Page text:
Firewall: configuring a network firewall

DP
Denis Pochtarenko
June 17, 2020

Instructions for configuring Firewall rules for virtual server networks in the control panel.

What is this?

You can control access to the public server network, incoming and outgoing data packets directly from the control panel using the firewall. This option is not charged separately and is included in the network price.

At the moment there is a limit of 50 rules. If it is not enough for you, you can increase it by submitting a request to Technical Support.

Network Architecture

It is necessary to understand the order of operation of existing firewalls in order to avoid the firewall rule conflict and to ensure correct firewall configuration. First, you can configure the firewall for the private network. Secondly, you can configure the firewall for the server through the control panel. Thirdly, you can configure a back-end firewall, for example, for Linux via iptables; As for Windows, the firewall is built-in.

Incoming packets will be handled first by a network level firewall (if any). If the packet has passed, the firewall at the server level will be applied further, the last one will be the internal software mechanism. As for outgoing packets, the reverse sequence of actions will be applied:

Creation of rules

The firewall configuration is available for networks and can be found in the network settings of the Firewall section.

Important:

— the order of the rules matters: the smaller the order number of the rule (the higher it is in the list), the higher its priority. You can change the order of rules with Drag and Drop by dragging the rule with the left mouse button to the desired position;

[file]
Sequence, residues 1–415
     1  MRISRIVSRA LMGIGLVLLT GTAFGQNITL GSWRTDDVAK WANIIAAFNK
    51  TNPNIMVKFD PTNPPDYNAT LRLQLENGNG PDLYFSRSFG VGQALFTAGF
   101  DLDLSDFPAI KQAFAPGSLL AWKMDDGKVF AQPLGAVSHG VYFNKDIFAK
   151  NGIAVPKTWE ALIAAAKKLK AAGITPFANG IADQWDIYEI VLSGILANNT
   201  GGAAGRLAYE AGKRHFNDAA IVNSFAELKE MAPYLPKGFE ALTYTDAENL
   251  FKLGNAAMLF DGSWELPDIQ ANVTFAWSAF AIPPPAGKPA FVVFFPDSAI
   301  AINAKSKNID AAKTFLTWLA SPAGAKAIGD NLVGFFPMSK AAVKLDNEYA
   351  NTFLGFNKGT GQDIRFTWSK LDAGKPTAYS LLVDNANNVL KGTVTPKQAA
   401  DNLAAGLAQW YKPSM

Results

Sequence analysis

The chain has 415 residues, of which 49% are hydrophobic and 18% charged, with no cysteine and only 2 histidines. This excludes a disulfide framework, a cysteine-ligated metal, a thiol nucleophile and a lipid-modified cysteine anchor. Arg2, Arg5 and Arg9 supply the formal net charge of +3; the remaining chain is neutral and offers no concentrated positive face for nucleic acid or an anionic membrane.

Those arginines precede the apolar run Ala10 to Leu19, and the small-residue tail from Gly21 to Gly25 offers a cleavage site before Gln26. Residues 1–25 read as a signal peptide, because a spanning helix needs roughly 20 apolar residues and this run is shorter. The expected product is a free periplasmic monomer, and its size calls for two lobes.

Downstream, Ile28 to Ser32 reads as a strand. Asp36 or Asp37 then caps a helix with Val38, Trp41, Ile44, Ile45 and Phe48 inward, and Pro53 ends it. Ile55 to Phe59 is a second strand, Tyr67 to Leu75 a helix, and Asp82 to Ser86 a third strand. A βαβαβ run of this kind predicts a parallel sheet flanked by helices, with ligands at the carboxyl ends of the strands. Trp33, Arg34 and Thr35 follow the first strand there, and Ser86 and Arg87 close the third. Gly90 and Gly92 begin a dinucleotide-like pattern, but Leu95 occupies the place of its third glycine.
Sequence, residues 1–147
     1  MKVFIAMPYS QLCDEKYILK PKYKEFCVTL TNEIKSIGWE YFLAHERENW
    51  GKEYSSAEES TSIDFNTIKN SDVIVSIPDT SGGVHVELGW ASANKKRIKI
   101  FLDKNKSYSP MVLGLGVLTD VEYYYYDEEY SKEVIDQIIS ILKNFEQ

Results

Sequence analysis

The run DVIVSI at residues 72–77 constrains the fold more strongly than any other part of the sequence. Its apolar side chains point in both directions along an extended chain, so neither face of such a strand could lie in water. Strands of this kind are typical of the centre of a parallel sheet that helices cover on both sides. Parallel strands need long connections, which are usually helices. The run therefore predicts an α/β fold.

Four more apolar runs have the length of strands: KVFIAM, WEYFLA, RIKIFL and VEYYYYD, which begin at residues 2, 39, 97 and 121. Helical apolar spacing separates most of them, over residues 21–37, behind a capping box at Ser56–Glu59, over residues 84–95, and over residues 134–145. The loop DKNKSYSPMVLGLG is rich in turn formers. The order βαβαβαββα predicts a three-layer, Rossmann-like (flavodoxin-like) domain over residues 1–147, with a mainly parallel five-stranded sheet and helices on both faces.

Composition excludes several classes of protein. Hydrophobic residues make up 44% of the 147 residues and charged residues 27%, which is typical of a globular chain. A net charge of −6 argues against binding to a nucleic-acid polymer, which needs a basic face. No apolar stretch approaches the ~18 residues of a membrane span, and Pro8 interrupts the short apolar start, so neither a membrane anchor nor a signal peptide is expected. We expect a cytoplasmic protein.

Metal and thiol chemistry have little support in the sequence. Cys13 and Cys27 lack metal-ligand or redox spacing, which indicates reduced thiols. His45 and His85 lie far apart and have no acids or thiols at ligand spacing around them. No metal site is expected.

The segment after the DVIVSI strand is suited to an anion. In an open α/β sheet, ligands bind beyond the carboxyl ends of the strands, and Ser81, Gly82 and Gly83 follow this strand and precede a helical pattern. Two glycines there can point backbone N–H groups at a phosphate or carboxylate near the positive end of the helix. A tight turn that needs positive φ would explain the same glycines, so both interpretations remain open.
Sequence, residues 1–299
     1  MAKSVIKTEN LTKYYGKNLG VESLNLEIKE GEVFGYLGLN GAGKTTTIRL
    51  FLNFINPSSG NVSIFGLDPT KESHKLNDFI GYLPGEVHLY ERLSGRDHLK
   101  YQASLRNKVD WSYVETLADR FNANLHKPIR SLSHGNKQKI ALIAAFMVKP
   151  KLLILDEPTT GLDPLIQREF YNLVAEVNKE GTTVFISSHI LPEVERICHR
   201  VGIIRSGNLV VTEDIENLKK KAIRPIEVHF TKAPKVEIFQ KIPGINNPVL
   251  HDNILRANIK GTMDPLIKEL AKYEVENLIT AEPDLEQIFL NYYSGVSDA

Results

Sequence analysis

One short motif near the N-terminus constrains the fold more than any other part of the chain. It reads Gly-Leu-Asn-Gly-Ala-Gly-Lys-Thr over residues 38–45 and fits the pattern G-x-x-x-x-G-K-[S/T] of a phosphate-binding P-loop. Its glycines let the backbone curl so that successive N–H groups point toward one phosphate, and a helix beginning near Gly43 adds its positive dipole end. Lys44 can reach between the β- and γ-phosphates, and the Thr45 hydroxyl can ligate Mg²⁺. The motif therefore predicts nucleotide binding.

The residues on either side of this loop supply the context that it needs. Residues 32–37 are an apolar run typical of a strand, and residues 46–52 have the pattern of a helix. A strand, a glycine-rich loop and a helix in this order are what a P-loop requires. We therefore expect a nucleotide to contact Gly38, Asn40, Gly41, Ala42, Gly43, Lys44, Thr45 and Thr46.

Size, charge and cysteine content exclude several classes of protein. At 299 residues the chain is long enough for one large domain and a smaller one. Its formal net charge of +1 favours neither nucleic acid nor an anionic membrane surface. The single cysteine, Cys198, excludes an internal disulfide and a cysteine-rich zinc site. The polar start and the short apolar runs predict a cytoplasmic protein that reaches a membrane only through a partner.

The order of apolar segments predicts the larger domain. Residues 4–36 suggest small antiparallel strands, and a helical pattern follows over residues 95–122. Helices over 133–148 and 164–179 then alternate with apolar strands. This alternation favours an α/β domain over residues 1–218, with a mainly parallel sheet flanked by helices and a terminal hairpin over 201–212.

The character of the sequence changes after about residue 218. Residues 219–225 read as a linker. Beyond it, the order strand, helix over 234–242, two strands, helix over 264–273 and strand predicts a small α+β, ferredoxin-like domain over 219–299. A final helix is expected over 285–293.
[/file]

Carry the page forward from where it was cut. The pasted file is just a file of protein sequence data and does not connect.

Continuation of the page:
— off — all data packets, both incoming and outgoing, pass through the router.

Packets not covered by any rule can be allowed or denied; they are allowed by default.

Click the Add button to create a rule:

It will open the window for adding a rule. The following fields should be filled in:

  • Name is a user friendly name (not more than 50 characters), which usually briefly describes the purpose of the rule;
  • Action is an action to be applied that takes one of two values: Allow or Deny. Allow means that the data packets are allowed to be sent, Deny means that the data packets are not allowed to be sent;
  • Source/Destination — specify the server IP address or one of the values: IP address, CIDR, IP address range, any, internal and external;
  • SourcePort/DestinationPort — when selecting TCP, UDP or TCP and UDP, you can specify either a port or a range of ports or ‘any’;
  • Protocol is a type of protocol. ANY, TCP, UDP, TCP and UDP and ICMP are available.

Click Save to create a rule.

In our example, the rule blocks incoming Tcp packets for the address range 10.0.1.2-10.0.1.4:

In order for the rule to take effect, you should save your changes by clicking the Save button. You can create several rules and then save them all at once:

After that, the page will look like this:

Example of rule priority setting

The smaller the order number of the rule (the higher it is in the list), the higher its priority. For example, after creating a Deny rule for incoming Tcp packets for a specific address range, let’s create a rule that allows incoming packets to be received on Tcp port 443 from outgoing port 443. Once the changes are saved in this configuration, this port will still be unavailable because the Deny rule has higher priority:

Drag and drop the Allow rule to the first place using the left mouse button to change the priority of the rules, then save the changes:

The order numbers of the rules will be changed after they are saved, and their priority will also be changed:

Now the firewall configuration allows Tcp packets to be passed through Tcp port 443 to the network on a certain range of addresses, other Tcp packets will not pass through. All other packets that are not covered by the rules will pass into the network.

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